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UN Small Arms Treaty

Discussion in 'Gun-Control Issues' started by Gypsie, May 12, 2011.

  1. Gypsie


    Mar 23, 2011
    Likes Received:
    Small Arms Treaty

    While everyone was watching the oil spill, Hillary Clinton SIGNED the
    U.N. Small Arms Treaty, potentially leading to an effective ban on all
    privately held semi-automatic weapons in America. By way of treaty,
    our 2nd Amendment is in danger, meaning that the normal legislative
    process is consequently circumvented. I need to look deeper into the
    exact process by which international treaties are secured, but I have
    it on good authority that such treaties lawfully circumvent our
    Constitution and still must be passed by the Democrats in the Senate -
    but there will be little debate and even less media coverage (except, I
    pray at LEAST on Fox News). This treaty represents the start of a
    slippery slope toward mandatory private gun registration which can lead
    to an attempt at confiscation. Give up your gun or face prison...
    ...That is certainly NOT what our founding fathers intended and it is
    our duty as a vigilant nation to stop this before it gets out of hand.
    Make no mistake, this treaty is not about illegal weapons, it's about
    making them illegal. Here is the article - judge for yourself:

    U.S. reverses stance on treaty to regulate arms trade

    (Reuters) - The
    United States reversed policy on Wednesday and said it would back
    launching talks on a treaty to regulate arms sales as long as the talks
    operated by consensus, a stance critics said gave every nation a veto.

    The decision, announced in a statement released by the U.S. State Department, overturns the position of former
    President George W. Bush's administration, which had opposed such a
    treaty on the grounds that national controls were better.
    U.S. Secretary of State Hillary Clinton said the United States would support the talks as long as the negotiating
    forum, the so-called Conference on the Arms Trade Treaty, "operates
    under the rules of consensus decision-making."
    "Consensus is needed to ensure the widest possible support for the Treaty and to avoid loopholes in the Treaty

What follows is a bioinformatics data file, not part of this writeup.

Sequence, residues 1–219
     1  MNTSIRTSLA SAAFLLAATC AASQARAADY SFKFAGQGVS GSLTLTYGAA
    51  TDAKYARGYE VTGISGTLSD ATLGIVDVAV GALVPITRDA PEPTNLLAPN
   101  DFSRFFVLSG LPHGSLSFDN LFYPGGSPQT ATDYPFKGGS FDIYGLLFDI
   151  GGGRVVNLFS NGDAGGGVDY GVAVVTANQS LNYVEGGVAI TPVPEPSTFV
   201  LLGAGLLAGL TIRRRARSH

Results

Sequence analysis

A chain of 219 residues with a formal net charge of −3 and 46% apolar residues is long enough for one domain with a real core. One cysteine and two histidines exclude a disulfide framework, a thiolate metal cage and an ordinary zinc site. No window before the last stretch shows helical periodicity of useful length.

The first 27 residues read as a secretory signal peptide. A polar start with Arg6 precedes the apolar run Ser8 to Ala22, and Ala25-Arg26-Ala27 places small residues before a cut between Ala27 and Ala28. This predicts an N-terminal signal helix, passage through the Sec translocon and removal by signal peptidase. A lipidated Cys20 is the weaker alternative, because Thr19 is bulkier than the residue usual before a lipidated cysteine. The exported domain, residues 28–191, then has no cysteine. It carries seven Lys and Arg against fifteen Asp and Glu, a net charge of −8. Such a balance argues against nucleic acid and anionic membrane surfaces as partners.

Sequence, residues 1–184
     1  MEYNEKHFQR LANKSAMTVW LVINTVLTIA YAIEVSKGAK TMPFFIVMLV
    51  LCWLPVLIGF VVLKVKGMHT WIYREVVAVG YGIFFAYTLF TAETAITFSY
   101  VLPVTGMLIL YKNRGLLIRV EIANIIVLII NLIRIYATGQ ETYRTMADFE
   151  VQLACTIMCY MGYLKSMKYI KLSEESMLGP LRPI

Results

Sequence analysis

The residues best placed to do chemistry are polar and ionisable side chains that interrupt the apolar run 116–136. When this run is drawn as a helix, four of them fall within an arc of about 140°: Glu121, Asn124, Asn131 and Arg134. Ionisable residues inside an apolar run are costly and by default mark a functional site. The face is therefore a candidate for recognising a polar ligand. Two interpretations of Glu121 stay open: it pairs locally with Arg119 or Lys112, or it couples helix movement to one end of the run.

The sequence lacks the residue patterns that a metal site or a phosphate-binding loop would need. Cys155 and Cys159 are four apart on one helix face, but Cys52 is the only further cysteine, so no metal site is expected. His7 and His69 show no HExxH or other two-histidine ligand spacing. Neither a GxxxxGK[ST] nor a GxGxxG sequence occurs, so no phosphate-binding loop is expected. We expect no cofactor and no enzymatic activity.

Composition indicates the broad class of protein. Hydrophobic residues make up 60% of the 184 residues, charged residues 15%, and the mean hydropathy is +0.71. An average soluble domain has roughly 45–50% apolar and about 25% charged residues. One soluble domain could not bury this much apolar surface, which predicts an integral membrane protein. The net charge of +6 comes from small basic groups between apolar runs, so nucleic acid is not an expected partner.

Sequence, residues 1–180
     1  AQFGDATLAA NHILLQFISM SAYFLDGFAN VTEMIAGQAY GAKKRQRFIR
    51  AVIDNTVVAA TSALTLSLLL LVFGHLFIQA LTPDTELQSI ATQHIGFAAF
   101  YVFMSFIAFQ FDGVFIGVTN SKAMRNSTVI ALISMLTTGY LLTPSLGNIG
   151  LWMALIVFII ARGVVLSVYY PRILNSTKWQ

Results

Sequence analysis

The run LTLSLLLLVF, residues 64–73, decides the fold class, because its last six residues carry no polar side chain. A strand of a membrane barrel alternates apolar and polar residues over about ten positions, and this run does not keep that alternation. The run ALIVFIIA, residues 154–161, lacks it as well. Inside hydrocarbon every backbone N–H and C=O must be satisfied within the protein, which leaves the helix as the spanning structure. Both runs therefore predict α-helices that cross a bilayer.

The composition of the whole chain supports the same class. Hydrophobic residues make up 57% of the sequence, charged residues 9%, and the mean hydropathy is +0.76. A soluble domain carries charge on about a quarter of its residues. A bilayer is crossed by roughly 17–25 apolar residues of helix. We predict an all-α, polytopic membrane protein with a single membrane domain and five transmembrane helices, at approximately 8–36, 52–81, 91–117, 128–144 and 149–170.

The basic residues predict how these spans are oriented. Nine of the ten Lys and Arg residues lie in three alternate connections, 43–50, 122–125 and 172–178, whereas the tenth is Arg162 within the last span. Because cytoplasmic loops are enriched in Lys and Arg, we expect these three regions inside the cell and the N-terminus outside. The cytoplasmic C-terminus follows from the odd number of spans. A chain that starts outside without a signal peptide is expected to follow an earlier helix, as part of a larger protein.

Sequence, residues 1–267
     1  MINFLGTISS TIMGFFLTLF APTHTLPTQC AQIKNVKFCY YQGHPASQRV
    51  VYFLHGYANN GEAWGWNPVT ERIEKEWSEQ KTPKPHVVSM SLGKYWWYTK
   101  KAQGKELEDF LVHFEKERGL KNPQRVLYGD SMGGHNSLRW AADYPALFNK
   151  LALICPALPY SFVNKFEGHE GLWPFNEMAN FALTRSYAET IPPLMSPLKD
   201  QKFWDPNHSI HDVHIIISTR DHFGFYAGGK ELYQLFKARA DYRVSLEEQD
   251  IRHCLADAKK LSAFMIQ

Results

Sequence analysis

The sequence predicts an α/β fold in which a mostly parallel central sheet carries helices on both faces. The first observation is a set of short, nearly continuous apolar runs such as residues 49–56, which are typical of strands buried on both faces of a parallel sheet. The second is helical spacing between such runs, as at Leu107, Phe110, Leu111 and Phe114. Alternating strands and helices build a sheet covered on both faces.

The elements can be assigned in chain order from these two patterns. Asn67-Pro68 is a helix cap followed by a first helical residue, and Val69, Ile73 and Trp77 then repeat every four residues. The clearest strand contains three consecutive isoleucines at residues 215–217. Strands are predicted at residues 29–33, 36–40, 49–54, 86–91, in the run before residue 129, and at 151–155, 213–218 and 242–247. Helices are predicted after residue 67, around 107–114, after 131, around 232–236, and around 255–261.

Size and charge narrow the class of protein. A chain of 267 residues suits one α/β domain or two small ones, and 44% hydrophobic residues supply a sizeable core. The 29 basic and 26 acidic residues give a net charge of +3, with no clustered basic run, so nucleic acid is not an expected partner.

that can be exploited by those wishing to export arms irresponsibly,"
    Clinton said in a written statement.
    While praising the Obama administration's decision to overturn the Bush-era policy and to proceed with negotiations to regulate conventional arms
    sales, some groups criticized the U.S. insistence that decisions on the
    treaty be unanimous.
    "The shift in position by the world's biggest arms exporter is a major breakthrough in launching formal negotiations at the United Nations in order to prevent
    irresponsible arms transfers," Amnesty International and Oxfam
    International said in a joint statement.
    However, they said insisting that decisions on the treaty be made by consensus "could fatally weaken a final deal."
    "Governments must resist US demands to give any single state the power to veto the treaty as this could hold the process hostage during the course of
    negotiations. We call on all governments to reject such a veto clause,"
    said Oxfam International's policy adviser Debbie Hillier.
    The proposed legally binding treaty would tighten regulation of, and set international standards for, the import,
    export and transfer of conventional weapons.
    Supporters say it would give worldwide coverage to close gaps in existing regional and national arms export control systems that allow weapons to pass
    onto the illicit market.
    Nations would remain in charge of their arms export control arrangements but would be legally obliged to assess each export against criteria agreed
    under the treaty. Governments would have to authorize transfers in
    writing and in advance.
    The main opponent of the treaty in the past was the U.S. Bush administration, which said national controls were better. Last year, the United States
    accounted for more than two-thirds of some $55.2 billion in global arms
    transfer deals.
    Arms exporters China, Russia and Israel abstained last year in a U.N. vote on the issue.
    The proposed treaty is opposed by conservative U.S. think tanks like the Heritage Foundation, which said last month that it would not restrict the access of
    "dictators and terrorists" to arms but would be used to reduce the
    ability of democracies such as Israel to defend their people.
    The U.S. lobbying group the National Rifle Association has also opposed the treaty.
    A resolution before the U.N. General Assembly is sponsored by seven nations including major arms exporter Britain. It calls for preparatory
    meetings in 2010 and 2011 for a conference to negotiate a treaty in

    (Here are some more good sources regarding the U.N. Small Arms


    Tags: 2nd, Arms, Association, Clinton, Gun, Hillary, NAGR, National, Nations, Oil